Answers to common questions

A lot of websites have a page of frequently asked questions (FAQs) that orbit around the products or services on offer. I thought that with the amount I’ve written over the past several years it would be interesting to create an FAQ page, not about me, but about the topics I’ve written about.

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Why is coaching supervision important for organisations?

Coaching supervision plays a vital role in the professional development of internal coaches and adds strategic value by identifying emerging trends from coaching conversations across the organisation. Through the aggregated insights from hundreds of coaching relationships, supervisors can observe cultural themes, topic trends, and areas of concern – all whilst protecting individual confidentiality. This enables organisations to be more agile in responding to challenges their people face.

Can coaching supervision help address issues like burnout and change fatigue?

One meta trend I’ve observed is people feeling overwhelmed by continuous demands to do more with fewer resources amid change and uncertainty. Coaching supervision can highlight this burnout and allow coaches to be better supported with strategies to help clients establish healthy boundaries. It also provides insights for organisations to adopt more sustainable work practices.

What the challenges with adopting coaching across different cultures?

In some cultural contexts, coaching is still viewed as a corrective rather than developmental tool. There are difficulties breaking free from that mindset. As remote work spreads, increasing cultural diversity means coaching approaches that resonate in one context may not in another. The foundational processes to effectively integrate coaching into talent management also vary across cultures. Building coachee readiness is critical.

Why is revisiting core coaching skills and ethics important for internal coaches?

Even experienced internal coaches often seek guidance in supervision on fundamental issues like boundaries between coaching and mentoring, managing tricky situations with coachees, and whether certain actions are permitted. Consistently revisiting these basics through CPD and supervision enables steady professional growth. It’s also a reminder that more complex coaching needs may be better served by an external coach.

How is the changing world impacting what internal coaches need to navigate?

Rapid technology changes, social/political upheavals, and issues like climate change are pushing some coaching conversations into very challenging territory. Coaches are having to develop new tools and consider how to ethically support clients grappling with highly complex, seemingly unsolvable problems. Supervisors will play a key role in guiding coaches through this evolutionary period.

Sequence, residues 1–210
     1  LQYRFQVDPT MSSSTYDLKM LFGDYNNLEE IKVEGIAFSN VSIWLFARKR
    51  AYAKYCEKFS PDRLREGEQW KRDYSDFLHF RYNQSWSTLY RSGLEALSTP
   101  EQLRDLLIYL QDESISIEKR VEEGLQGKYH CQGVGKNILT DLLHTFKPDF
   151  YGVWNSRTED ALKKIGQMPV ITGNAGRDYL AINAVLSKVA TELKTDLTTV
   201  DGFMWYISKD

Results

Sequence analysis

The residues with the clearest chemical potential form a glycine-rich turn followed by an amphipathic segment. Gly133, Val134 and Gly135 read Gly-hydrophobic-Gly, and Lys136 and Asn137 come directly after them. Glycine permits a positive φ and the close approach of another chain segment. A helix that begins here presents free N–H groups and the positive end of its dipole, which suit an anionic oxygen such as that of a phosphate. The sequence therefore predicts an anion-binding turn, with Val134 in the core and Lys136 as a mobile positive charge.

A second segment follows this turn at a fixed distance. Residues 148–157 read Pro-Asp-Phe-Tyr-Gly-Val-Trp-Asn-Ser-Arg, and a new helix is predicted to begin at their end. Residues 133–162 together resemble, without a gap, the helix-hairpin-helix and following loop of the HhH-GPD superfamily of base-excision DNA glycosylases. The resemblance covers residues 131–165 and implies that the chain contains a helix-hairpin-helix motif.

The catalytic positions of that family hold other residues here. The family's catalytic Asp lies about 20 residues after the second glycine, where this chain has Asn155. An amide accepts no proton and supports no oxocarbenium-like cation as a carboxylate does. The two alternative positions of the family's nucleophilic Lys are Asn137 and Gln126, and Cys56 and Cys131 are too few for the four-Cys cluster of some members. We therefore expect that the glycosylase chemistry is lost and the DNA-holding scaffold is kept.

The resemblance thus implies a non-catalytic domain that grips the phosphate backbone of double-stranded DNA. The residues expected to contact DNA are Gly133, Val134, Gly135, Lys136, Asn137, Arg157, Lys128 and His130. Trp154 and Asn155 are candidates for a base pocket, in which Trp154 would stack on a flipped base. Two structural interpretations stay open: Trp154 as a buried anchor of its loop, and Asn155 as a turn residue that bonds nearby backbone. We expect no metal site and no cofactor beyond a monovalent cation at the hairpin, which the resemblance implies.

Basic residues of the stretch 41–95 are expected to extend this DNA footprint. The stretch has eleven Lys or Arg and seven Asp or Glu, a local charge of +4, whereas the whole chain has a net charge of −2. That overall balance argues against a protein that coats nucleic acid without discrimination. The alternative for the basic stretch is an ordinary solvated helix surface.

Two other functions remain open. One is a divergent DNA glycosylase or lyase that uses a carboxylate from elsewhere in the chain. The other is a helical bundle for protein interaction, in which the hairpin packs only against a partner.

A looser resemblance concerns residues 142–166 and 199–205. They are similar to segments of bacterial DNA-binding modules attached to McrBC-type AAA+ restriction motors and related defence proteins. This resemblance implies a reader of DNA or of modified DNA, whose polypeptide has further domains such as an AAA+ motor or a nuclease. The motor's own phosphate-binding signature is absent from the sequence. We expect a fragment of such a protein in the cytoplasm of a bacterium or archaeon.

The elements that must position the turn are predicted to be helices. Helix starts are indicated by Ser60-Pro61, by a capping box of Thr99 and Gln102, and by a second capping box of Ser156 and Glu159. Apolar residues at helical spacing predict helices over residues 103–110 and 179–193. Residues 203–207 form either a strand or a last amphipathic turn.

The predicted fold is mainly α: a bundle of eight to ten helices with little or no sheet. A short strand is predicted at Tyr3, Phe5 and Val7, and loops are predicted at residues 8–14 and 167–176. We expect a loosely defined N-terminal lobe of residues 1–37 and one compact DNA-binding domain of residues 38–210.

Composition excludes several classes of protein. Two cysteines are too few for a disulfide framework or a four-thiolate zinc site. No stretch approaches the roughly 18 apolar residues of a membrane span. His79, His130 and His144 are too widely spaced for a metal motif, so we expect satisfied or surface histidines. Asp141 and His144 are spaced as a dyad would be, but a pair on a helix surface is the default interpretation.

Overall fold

Is it really necessary to measure the ROI of coaching?

Whilst measuring ROI feels like a sensible thing to do for most organisational activities, coaching presents some unique challenges that make formally validating the investment tricky and potentially counter-productive. Coaching is not a predictable, repeatable, linear process – conversations can start anywhere and go in unforeseen directions. The personalised nature requires new thinking for each individual. Trying to force measurement risks undermining the freedom and innovation that skilled coaches allow.

What are some ways to identify the benefits of coaching for ROI purposes?

A clear understanding of the objectives the coaching aims to achieve is needed, both at the individual coachee level and across the entire programme. This can be captured through the final coaching session, a post-coaching debrief (potentially with the coachee’s line manager), or an automated questionnaire. The key is not forcing quantification where it doesn’t exist naturally – good coaches can highlight tangible outcomes organically through skilled discussion.

How should the coaching ROI be calculated?

The cost is more than just fees to an external provider – coachee time and lost productivity must be factored in, as well as the coach’s time if using internal coaches. Rather than take an ad-hoc approach, it’s better to partner with the CFO to create a framework fully aligned with the organisation’s financial priorities. This enhances engagement as coaching is positioned as an investment rather than a “tail wagging dog” HR initiative.

What are some common mistakes made when trying to measure coaching ROI?

The biggest mistake is doing nothing at all, either through lack of confidence or fear the data may undermine the value of coaching investment. Another pitfall is the Hawthorne effect, where coaching behaviour changes due to awareness of being measured. There’s also a misalignment when coaching’s deepest mindset benefits take time but are measured on short-term quarterly cycles.

How can I balance financial coaching ROI with more intangible benefits?

The impacts of individual coaching relationships should only be captured at a sensible point, not session-by-session which risks altering coach behaviour. For finite programmes this may be at the end or even later. For ongoing coaching, incorporating coachees once change has had time to manifest is wise. The process should validate value intrinsically generated by effective coaching, not attempt to be a change tool itself.